It Was Fifty Years Ago Today

CommonSense-1

“The time has come,” the walrus said, “to talk of many things…”

I’ll leave it to you and Lewis Carroll to decide who was the Walrus and who was the Eggman and whether or not Paul is dead. But today, the Beatles’ Sgt. Pepper’s Lonely Hearts Club Band album is fifty years old.  That fact alone deserves a resounding “How can that be?”

You can read all about the birthday of this seminal work in a million places on the internet. There are thousands of musical experts and recording industry kingpins who can tell you what it was like from where they sat. I’d rather try to accomplish something I’ve not yet been able to do, in conversations with younger people who ask about Sgt. Pepper. I’ve not yet been able to explain what it was like from our end and why it was so important—the experience of young people who were listening to music in 1967.

To understand it fully, you must understand not what was, but what wasn’t. And what mostly wasn’t was exploration and experimentation in popular music.  If someone had suggested to Elvis Presley that he create his next album based on an imaginary band, they would have been ushered out of the recording studio. If Fats Domino had been asked to add a sitar and a French horn to his sound, well, it simply wasn’t done. If a recording star had “made it,” the “sound” of that star wasn’t altered; it simply wasn’t done. Nor was the image of the star changed in any way—album art wasn’t art. It was always a photo of the artist, usually in a suit and tie or a nice dress;  Music was, and is, a business. The product belonged on the cover.  If you were a successful artist,  you didn’t change what had made you successful. You “danced with the one what brung you.”

Obviously, the Beatles were popular. We had grown up with them. We waited for each new album and they hadn’t failed to please us. But they were beginning to change from the four lovable mop-topped and innocent balladeers crooning “I Want To Hold Your Hand” and “I Saw Her Standing There” to older people who wanted to talk–or sing–about important things. In 1965 they had released Rubber Soul and we realized that they were changing. What we thought was long hair wasn’t long at all. And they weren’t dressing like quadruplets. They had individual personalities, and Lennon was singing about sleeping over in a girl’s apartment in “Norwegian Wood.” The Beatle boots were gone. And what was that sound? Someone said it was a sitar, an Indian guitar-like instrument. McCartney recorded “Michelle,” which is now so well known it’s elevator music. Things were changing.

The next year, in 1966, they released Revolver (still one of my personal favorites) and we knew that wherever we were going, this was the voice that would tell us about it. The subject matter of unrequited love in “Eleanor Rigby” and methamphetamine-dealing physicians in “Dr. Robert” were just, well, unprecedented. Nobody did this. At least not until now. The album art by Klaus Voorman broke all the rules; part line drawing, part collage and part photographs. Didn’t look like any album we’d seen before.

I  have often tried to make this clear; we weren’t sure what was happening, but we knew something was.  Never, I suspect, had an entire buying public (translate as everyone older than ten and younger than 30) been so focused on “the next album.” I doubt it ever will be again.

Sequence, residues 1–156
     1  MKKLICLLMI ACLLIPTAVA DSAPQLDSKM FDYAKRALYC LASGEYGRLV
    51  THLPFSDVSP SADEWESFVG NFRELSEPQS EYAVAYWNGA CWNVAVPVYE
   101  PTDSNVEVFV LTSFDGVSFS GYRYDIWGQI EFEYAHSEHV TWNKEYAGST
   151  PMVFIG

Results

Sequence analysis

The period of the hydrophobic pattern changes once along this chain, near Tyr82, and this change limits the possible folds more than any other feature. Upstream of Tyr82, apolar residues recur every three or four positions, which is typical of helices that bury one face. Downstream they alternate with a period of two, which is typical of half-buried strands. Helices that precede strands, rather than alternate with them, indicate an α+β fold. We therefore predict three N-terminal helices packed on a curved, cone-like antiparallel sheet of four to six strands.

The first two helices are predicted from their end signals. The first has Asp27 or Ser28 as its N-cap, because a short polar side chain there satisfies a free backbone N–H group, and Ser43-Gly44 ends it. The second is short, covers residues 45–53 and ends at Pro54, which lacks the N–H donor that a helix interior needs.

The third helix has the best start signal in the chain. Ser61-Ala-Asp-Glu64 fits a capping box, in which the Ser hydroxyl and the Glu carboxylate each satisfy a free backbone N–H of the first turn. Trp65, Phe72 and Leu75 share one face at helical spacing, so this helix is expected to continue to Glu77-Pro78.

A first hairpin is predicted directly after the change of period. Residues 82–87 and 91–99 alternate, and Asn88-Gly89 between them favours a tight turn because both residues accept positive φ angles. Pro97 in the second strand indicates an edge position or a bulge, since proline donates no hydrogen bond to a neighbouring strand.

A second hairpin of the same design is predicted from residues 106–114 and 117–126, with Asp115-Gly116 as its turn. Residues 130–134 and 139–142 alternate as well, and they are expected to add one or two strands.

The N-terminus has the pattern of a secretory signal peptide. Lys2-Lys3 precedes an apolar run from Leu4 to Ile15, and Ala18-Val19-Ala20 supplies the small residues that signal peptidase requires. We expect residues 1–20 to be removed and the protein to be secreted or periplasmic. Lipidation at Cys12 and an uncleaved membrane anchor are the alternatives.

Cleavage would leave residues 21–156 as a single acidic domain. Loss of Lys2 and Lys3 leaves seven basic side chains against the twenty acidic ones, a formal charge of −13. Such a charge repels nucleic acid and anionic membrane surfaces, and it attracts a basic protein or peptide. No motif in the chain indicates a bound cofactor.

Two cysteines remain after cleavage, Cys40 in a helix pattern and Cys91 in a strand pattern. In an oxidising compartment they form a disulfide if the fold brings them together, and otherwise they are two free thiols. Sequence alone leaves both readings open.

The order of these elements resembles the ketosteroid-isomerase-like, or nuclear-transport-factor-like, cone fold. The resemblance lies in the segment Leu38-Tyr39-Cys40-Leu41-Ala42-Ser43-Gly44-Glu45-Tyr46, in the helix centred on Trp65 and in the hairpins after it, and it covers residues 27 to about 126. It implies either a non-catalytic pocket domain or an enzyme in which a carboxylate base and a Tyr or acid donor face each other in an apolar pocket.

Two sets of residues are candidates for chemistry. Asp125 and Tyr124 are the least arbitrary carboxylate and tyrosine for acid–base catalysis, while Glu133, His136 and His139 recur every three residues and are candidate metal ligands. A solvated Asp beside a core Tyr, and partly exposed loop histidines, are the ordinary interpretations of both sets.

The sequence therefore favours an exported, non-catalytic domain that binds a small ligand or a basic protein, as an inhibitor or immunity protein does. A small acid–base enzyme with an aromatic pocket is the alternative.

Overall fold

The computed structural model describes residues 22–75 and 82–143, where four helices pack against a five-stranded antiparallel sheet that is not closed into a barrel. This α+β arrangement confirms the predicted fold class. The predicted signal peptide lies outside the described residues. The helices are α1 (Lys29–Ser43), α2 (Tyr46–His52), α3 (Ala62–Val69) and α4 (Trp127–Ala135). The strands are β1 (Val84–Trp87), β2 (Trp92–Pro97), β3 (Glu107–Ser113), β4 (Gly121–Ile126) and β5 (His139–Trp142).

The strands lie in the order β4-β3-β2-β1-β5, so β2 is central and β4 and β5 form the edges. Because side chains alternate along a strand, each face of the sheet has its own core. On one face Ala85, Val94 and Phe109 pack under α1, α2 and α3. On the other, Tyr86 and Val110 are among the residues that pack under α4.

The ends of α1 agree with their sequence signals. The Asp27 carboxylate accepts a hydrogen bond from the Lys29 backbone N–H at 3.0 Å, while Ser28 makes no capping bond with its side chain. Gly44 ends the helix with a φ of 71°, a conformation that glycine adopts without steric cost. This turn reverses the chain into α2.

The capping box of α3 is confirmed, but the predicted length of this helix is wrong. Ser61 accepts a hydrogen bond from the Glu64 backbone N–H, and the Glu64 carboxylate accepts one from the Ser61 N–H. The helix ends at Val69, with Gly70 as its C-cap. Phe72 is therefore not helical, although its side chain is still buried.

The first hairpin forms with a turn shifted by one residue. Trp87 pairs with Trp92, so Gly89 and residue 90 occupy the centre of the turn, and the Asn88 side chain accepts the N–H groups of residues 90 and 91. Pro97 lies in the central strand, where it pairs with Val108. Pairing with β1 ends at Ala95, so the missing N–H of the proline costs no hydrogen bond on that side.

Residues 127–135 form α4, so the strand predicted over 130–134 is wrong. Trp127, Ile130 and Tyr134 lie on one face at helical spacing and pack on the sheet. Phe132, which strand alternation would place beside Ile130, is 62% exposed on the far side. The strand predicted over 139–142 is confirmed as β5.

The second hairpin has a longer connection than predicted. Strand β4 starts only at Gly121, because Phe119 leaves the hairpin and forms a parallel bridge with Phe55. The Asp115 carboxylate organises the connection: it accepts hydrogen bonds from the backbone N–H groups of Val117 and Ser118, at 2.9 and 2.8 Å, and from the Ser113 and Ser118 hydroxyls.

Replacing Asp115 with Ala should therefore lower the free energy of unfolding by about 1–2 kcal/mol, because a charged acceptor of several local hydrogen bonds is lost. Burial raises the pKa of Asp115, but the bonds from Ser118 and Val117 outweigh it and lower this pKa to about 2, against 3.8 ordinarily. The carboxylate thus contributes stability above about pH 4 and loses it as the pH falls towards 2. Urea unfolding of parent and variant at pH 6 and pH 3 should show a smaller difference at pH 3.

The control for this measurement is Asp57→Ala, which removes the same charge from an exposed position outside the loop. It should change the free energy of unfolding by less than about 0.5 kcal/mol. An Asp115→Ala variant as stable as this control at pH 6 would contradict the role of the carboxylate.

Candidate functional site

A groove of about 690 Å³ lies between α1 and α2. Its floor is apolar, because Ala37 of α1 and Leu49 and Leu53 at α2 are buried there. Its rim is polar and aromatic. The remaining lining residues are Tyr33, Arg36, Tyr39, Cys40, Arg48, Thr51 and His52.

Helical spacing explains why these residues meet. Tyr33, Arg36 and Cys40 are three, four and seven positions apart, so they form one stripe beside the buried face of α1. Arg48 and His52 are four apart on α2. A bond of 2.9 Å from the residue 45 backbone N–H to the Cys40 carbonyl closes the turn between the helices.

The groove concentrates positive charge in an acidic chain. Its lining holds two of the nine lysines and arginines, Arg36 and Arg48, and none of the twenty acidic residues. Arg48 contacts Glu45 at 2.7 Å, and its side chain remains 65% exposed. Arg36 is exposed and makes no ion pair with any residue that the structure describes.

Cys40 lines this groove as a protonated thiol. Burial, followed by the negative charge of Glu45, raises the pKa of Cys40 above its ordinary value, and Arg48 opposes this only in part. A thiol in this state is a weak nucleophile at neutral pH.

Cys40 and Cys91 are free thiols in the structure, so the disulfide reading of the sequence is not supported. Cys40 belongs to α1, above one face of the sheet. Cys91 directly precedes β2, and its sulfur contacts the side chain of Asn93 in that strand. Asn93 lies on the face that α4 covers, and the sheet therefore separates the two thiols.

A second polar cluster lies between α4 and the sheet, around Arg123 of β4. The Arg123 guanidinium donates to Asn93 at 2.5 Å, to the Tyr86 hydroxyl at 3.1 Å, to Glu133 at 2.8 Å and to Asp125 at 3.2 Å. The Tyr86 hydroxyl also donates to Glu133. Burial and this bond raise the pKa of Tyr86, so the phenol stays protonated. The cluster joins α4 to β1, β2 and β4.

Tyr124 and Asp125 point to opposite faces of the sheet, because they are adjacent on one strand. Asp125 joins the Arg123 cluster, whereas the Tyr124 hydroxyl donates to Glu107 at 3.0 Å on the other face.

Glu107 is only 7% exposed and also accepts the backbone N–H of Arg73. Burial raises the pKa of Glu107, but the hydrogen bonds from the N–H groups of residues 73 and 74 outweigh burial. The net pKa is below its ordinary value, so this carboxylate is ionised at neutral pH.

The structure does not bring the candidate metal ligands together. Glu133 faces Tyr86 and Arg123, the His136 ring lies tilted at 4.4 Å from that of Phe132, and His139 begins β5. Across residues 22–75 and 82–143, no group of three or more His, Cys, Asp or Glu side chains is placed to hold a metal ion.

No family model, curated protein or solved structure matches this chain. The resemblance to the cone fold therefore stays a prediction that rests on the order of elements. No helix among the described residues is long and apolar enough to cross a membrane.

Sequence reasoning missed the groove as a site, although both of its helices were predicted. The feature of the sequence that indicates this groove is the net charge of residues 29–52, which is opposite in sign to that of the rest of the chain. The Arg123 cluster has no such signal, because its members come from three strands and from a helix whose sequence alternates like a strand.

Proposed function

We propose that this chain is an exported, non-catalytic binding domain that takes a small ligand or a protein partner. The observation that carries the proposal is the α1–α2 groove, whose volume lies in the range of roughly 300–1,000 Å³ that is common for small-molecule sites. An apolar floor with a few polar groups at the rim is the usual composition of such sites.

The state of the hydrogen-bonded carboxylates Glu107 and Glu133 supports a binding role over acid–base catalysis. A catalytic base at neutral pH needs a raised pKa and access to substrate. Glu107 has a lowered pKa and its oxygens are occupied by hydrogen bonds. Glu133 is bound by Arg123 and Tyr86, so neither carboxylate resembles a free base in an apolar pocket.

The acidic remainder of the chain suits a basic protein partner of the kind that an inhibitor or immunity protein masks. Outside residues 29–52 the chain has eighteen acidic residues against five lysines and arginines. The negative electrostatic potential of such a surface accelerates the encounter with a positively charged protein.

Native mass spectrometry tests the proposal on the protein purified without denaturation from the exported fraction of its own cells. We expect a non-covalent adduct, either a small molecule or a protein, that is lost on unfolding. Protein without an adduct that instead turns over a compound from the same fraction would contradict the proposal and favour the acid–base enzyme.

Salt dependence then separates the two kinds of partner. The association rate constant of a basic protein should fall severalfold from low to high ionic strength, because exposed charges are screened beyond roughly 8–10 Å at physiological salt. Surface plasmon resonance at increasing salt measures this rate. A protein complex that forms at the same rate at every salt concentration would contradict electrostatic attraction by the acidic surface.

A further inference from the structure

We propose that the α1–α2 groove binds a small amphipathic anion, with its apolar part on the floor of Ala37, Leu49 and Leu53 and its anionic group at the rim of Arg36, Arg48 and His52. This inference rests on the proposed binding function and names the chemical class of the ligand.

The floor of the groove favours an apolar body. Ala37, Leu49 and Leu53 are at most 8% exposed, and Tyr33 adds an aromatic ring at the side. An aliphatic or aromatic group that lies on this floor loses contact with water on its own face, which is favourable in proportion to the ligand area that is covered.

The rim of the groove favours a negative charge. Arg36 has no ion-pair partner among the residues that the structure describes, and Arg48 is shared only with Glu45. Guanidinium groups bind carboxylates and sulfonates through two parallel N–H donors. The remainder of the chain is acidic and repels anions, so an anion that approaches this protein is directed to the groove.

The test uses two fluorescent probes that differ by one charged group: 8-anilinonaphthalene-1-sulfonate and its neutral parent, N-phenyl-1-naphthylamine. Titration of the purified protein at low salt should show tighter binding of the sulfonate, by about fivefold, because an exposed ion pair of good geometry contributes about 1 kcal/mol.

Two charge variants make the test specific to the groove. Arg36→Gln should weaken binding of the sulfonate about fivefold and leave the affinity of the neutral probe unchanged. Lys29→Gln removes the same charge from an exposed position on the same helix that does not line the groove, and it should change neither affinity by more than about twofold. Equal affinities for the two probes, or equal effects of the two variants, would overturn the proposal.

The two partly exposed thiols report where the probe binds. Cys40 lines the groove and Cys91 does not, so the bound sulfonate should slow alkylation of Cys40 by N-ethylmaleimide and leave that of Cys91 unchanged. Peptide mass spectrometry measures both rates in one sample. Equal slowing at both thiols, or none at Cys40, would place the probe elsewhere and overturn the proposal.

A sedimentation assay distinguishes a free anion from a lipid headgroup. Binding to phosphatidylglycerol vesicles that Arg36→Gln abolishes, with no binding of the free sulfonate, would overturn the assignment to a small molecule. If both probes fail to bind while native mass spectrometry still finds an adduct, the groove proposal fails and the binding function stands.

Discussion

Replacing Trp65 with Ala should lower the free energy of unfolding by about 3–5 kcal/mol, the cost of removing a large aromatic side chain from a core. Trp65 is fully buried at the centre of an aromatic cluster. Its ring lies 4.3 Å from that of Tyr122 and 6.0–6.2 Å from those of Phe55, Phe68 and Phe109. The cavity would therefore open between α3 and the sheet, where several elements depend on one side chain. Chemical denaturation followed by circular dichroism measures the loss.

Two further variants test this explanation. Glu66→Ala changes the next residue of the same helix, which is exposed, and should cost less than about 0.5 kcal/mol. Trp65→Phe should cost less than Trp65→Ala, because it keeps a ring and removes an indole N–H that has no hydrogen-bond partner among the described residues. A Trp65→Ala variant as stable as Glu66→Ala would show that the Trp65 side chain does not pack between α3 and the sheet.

I suppose it’s hard to imagine making a trip to the local record store each day, just to ask “Is it in, yet?” Downloading was how you got cattle off a truck. Finally the “new album” arrived and sold out everywhere. We were all tearing the cellophane cover off at nearly the same time.

What was this? There they were, wearing military band-style uniforms, looking at what appeared to be a grave with “BEATLES” written in red flowers, surrounded by a host of celebrities. Most of us decided it was a grave. They were saying goodbye to the four mop-tops.  All that before hearing the first track.  So then, of course, we listened.

It needs to be said that the music stands well after fifty years; it’s as good as it ever was–perhaps better. It would be easy to discuss each track on the album, but most of you know them or have heard them at least once. Some of us have heard them thousands of times. The recording techniques were ground-breaking, but you can learn about that from a gazillion places. Today, they would sound commonplace to us and there’s a reason for that: they are commonplace today. But never, before, had we listened to anything like it. I do not believe that a musical group today could create something with the seismic shift of Sgt. Pepper. I don’t think it can be done again.

Each of us has had the experience of hearing an old song and remembering where we were, who we were with, what was happening when the song was released. With Sgt Pepper, for an awful lot of us, it was the turning point for everything that followed.

You can like the music or not; there’s a generation of people my age for whom it’s almost gospel. But no one can deny that this was the day the music changed.

 

2 thoughts on “It Was Fifty Years Ago Today

  1. Well said and totally entertaining! I recalled my own memories of the Beatles and that time of my life as I read your memories and commentary. I am producing a cd fir a friend and in the studio recently, I actually said “This part should sound like the Beatles Sargent Pepper orchestral sound right here.”
    Thank you, Dick, for this excellent commentary of a time that changed the pop music world.

    Like

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